Feasting for Life (Pentecost 9A – Matthew 14:13-21)

For Sunday, August 6, 2017

Contents:

  1. Scripture Readings
  2. The Text
  3. Call to Worship
  4. Opening Prayer

SCRIPTURE READINGS

Romans 9:1-5
Matthew 14:13-21

THE TEXT

For this week’s text from the Gospel of Matthew, if we stick strictly to the lectionary reading we will lose some key information for interpreting today’s passage. Read within the context of Matthew’s narrative, this passage is part of an overall agenda to show the Reign of Heaven in comparison to the empire. By beginning at the first verse in the chapter, we see that Matthew has given us two stories, side by side, about feasts in an attempt to lay out a comparison.

For the last few weeks we have had readings from Matthew 13 where Jesus gives one parable after another about the Reign of Heaven. The word parable, remember, is rooted in the Greek word παραβάλλωmeaning to “place side by side.” We have learned a little already about Albert Schweitzer’s argument for a “thoroughgoing eschatology.” As I put it a few weeks ago, Matthew’s Jesus is obsessed with the Reign of Heaven, an obsession that will eventually get him killed. Up until now, we have been seeing how Jesus’ actions and teachings illustrate this obsession. This week, we have two contrasting feast narratives–one of the empire, the other of the Reign of Heaven.

The Death Feast of EmpireThe first twelve verses portray the violent feast of empire, including power, dancing, and the decapitation of John the Baptist. The reader might ask about this story what Dan Berrigan once asked about the author of Revelation, “What kind of preaching brings that kind of punishment?” Here we have a regime ruled by violence and fear of the people. Its goal is power and authority and its means are violence and death.

The Life Feast of Heaven: From verses 13 to 21, we see a totally different kind of feast. This feast includes healing those who are sick, restoring wholeness to those who are broken, and feeding those who are hungry. Here we have the initiation of an alternative way of life ruled by empowering people. Its goal is life and wholeness, and its means are healing and nourishment.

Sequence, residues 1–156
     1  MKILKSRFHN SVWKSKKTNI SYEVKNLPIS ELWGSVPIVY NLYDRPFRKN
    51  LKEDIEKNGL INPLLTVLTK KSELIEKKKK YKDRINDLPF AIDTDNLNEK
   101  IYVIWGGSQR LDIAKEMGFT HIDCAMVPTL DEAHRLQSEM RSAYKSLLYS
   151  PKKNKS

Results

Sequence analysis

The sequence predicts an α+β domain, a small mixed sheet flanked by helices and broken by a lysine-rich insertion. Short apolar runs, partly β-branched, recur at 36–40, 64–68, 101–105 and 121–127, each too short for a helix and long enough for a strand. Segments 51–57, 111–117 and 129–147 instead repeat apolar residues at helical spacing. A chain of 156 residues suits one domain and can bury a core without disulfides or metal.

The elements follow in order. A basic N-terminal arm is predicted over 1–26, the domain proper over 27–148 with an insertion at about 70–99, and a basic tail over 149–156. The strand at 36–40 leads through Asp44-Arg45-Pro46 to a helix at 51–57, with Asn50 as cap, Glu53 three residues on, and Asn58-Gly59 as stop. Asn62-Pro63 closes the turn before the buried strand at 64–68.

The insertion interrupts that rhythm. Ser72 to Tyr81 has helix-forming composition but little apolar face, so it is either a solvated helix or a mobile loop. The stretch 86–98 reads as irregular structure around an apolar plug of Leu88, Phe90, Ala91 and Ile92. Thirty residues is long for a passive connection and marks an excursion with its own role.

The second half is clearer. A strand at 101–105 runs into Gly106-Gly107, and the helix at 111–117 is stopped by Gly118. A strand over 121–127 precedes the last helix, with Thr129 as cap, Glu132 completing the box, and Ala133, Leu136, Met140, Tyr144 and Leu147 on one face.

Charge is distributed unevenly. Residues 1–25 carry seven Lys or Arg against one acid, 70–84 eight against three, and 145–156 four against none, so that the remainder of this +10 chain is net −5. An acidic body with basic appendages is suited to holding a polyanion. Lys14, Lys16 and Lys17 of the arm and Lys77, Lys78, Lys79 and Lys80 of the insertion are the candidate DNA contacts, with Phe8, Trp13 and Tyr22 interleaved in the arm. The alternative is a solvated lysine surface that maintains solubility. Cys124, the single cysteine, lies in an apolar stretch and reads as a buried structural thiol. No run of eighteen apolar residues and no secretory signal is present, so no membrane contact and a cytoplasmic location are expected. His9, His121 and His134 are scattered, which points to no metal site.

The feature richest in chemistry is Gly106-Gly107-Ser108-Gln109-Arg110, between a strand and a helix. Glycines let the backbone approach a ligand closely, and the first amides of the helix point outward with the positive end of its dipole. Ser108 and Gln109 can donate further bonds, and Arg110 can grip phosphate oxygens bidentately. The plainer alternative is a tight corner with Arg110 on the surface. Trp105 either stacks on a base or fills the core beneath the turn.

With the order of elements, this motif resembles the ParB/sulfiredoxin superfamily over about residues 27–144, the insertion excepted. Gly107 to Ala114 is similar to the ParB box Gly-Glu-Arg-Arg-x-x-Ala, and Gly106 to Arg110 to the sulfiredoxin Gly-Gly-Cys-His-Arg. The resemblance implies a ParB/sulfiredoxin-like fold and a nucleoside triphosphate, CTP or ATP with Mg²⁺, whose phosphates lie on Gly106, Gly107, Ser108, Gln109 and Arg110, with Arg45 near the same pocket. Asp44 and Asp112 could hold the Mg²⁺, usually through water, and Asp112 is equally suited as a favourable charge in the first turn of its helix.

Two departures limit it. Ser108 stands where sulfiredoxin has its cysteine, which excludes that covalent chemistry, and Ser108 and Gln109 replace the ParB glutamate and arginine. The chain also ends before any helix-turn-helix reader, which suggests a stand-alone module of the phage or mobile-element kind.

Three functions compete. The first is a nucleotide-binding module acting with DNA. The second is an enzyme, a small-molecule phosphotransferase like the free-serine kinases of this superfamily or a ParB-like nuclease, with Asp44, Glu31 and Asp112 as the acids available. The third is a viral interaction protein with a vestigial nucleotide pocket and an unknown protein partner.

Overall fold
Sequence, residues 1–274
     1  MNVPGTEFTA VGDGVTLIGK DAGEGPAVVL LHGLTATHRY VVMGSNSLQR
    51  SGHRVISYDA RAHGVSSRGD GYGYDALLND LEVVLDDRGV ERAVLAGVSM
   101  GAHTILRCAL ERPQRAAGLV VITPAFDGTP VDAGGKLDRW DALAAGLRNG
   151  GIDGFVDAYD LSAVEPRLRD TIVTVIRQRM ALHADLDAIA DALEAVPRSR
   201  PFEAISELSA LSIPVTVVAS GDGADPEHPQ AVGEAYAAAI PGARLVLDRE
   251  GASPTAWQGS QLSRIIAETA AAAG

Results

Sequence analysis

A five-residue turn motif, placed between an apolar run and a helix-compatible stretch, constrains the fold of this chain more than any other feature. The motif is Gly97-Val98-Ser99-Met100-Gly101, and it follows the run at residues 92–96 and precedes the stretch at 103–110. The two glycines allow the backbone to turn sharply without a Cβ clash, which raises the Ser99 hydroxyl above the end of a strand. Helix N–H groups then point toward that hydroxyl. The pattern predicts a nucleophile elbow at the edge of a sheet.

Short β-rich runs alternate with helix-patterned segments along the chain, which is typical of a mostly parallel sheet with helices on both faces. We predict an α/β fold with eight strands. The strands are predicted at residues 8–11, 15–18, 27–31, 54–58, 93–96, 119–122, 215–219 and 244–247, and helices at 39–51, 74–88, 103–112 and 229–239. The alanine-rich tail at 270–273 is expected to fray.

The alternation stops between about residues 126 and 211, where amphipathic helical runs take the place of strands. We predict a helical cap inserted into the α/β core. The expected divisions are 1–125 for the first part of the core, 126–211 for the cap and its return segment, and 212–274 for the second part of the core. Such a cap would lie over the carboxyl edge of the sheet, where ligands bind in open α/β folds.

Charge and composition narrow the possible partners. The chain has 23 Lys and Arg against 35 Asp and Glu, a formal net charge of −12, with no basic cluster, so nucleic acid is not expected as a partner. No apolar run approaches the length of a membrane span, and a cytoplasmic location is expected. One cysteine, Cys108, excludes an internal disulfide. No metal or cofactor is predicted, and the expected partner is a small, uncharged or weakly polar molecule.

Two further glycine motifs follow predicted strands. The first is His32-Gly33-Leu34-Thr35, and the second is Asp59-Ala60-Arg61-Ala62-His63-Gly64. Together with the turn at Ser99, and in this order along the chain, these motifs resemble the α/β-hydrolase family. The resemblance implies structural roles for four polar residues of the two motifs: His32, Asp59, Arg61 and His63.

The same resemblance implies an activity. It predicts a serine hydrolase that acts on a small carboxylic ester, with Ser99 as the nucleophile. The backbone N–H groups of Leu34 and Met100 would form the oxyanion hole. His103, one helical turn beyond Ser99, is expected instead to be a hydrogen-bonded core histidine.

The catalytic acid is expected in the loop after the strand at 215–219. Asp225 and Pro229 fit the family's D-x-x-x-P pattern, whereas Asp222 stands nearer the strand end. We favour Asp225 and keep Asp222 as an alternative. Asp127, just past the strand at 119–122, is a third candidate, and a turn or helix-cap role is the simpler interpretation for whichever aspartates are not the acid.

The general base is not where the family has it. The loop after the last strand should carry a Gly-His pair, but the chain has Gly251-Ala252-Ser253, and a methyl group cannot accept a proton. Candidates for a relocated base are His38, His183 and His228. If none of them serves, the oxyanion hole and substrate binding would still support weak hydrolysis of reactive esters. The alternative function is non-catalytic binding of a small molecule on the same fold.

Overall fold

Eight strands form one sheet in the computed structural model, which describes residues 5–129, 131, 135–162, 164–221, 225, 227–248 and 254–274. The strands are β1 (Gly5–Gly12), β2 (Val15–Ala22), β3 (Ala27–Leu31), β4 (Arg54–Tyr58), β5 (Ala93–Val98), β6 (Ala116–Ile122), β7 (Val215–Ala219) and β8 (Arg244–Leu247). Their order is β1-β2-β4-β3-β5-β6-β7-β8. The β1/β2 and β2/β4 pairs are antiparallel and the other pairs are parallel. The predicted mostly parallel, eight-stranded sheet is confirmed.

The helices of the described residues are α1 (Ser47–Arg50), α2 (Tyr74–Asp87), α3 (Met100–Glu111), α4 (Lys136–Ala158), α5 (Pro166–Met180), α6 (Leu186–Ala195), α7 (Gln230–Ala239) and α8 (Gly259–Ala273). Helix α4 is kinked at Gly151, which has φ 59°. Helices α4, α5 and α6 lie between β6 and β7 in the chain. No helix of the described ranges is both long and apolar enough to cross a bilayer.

One possible strategy for teaching this text is to allow two groups to read the texts of the different feasts independently and share their responses. Here are some example questions for reflection.

1.   The passage you were given is the description of a feast. Overall, how would you describe it?

2.   Who is the host of the feast? What title, if any, does the text give to this person?

3.   Who is invited to this feast?

4.   What can you infer from the text about whether those who were present were well-fed or hungry?

5.   What is the most shocking element in this passage? What does it symbolize?

6.   The hosts/VIP in the story claimed to be a representative of “god” or the gods. If this story was all you had to go on, what could you infer about the character of the god they represented?

7.   Review your answers above. Without peeking in your Bibles, if you were to construct a story to illustrate the opposite of this passage, what elements would it likely include?

CALL TO WORSHIP

Leader:  Come! Let us walk along together.
People:   Let us join in heaven’s journey!
Leader:  Come! Let us sing of life together.
People:   Let us join in heaven’s songs!
Leader:  Come! Let us break bread together.
People:   Let us join heaven’s feast!
All:          For salvation and joy and abundance are here. Heaven has arrived among us!

OPENING PRAYER

Ever giving God, the abundance of Heaven’s Reign is all around us. We have lived in our ways of scarcity while you have set before us a feast. In a world ruled by greed and envy, you have taught us to be generous and vulnerable. In a world filled with cruelty and indifference, you have taught us a life of care and compassion. As we live and breathe and are nourished by the gifts you bring, may we do so with mindfulness and gratitude, transforming our scarcity into abundances and our brokenness into wholeness. Amen.

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